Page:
Israel Founding Father Shimon Peres Dies at 93

Israel Founding Father Shimon Peres Dies at 93
President of Israel Shimon Peres acknowledges his being named to receive the Presidential Medal of Freedom during President Obama's remarks at the AIPAC Policy Conference in Washington on March 4, 2012. (Ron Sachs / Pool via CNP /MediaPunch/IPX)

Former Israeli president and two-time prime minister Shimon Peres died Tuesday near Tel Aviv after suffering a stroke on Sept. 13. He was 93 years old.

The Nobel Peace Prize recipient served as minister of 10 ministries, including foreign and defense, since the founding of Israel. His career included 48 years serving in the Knesset.

“Prime Minister Benjamin Netanyahu and his wife Sara express deep personal sorrow over the passing of former President of Israel Shimon Peres,” Netanyahu’s office said.

The prime minister planned on convening a special cabinet session Wednesday and issuing a special statement, his office added.

President George H.W. Bush, 92, released a statement saluting Peres for “his singular life of service — to the universal cause of freedom, to the timeless cause of Israel, to the noblest cause of peace.”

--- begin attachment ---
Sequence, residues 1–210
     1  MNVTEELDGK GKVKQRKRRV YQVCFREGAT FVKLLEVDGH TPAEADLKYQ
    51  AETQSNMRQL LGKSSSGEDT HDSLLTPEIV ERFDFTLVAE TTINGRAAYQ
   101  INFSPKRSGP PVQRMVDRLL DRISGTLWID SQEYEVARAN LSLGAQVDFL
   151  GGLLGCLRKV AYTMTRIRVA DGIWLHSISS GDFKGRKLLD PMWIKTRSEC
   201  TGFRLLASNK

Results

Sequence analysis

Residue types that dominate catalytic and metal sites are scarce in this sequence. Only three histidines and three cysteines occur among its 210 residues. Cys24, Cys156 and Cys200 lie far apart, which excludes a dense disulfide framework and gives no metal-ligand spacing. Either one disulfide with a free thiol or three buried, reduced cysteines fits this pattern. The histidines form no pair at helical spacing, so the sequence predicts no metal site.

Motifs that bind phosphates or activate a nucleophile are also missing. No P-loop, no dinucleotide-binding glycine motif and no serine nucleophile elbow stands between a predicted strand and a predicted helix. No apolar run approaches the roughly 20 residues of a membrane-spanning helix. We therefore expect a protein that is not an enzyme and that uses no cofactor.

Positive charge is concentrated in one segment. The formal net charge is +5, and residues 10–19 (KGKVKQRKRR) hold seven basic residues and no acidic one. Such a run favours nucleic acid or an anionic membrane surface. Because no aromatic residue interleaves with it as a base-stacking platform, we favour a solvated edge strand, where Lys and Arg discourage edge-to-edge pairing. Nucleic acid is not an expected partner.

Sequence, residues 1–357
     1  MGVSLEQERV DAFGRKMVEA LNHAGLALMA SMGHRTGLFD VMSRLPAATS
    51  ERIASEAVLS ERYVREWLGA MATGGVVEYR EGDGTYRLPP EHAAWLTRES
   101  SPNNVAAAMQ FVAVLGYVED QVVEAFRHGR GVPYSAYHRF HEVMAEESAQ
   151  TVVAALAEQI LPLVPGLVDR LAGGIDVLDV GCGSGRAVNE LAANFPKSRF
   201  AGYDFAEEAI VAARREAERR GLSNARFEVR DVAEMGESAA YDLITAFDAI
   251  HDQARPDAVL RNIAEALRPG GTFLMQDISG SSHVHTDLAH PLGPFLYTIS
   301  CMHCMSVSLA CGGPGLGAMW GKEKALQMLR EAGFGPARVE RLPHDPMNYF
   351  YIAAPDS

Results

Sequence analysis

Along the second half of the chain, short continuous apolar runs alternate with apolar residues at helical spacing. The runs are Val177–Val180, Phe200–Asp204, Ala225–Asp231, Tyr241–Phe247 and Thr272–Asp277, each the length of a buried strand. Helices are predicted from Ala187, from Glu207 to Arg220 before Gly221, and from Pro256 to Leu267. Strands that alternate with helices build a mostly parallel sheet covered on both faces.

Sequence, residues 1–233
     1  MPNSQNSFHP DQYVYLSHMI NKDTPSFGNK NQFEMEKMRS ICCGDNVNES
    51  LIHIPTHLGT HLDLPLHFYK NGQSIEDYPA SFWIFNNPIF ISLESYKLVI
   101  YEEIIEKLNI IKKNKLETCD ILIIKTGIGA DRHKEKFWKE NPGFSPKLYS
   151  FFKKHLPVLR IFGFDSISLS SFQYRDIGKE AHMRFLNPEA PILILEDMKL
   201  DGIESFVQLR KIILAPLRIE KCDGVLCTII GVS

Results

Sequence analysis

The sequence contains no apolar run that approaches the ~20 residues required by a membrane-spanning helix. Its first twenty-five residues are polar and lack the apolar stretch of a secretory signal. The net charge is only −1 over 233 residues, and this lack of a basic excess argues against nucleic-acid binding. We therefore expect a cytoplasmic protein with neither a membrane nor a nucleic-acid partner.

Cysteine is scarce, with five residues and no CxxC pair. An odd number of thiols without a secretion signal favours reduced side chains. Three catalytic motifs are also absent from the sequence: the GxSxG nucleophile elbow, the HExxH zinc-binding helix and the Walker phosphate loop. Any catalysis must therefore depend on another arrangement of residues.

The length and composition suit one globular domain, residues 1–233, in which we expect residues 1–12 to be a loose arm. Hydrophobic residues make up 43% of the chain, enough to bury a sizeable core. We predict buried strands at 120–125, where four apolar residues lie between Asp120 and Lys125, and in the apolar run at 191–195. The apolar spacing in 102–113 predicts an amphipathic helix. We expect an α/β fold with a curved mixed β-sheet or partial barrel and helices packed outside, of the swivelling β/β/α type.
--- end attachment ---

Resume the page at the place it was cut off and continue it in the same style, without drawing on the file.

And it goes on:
“By his unyielding determination and principle, Shimon Peres time and again helped guide his beloved country through the crucible of moral challenge,” Bush said. “But it was by his innate humanity, his decency, that Shimon inspired the world over and helped pave a path to peace broad enough that future generations will walk it one day, side by side.”

President Obama called his “friend Shimon” one of few people who expanded “our moral imagination and force us to expect more of ourselves.”

“He was guided by a vision of the human dignity and progress that he knew people of goodwill could advance together.  He brought young people from around the world together because he knew they could carry us closer to our ideals of justice and equality,” Obama said.

“…Perhaps because he had seen Israel surmount overwhelming odds, Shimon never gave up on the possibility of peace between Israelis, Palestinians and Israel’s neighbors — not even after the heartbreak of the night in Tel Aviv that took Yitzhak Rabin. ‘Dear friends,’ he told us during my visit to Israel three years ago, ‘after everything I have seen in my life, I earned the right to believe that peace is attainable.’ Tonight, I can think of no greater tribute to his life than to renew our commitment to the peace that we know is possible. ”

House Speaker Paul Ryan (R-Wis.) said “the world has lost a true legend and statesman” and “a persistent voice for the cause of peace,” while Minority Leader Nancy Pelosi (D-Calif.) called Peres “an intellectual resource who personified the unbreakable bond between the United States and Israel.”

“Shimon Peres’ story was the story of modern Israel – a saga of daring, dynamism and wisdom. With all of his heart, this farmer, fighter, author, Nobel peace prize winner, prime minister and president worked to guide his nation into a secure and confident future,” Pelosi said. “I valued his friendship.”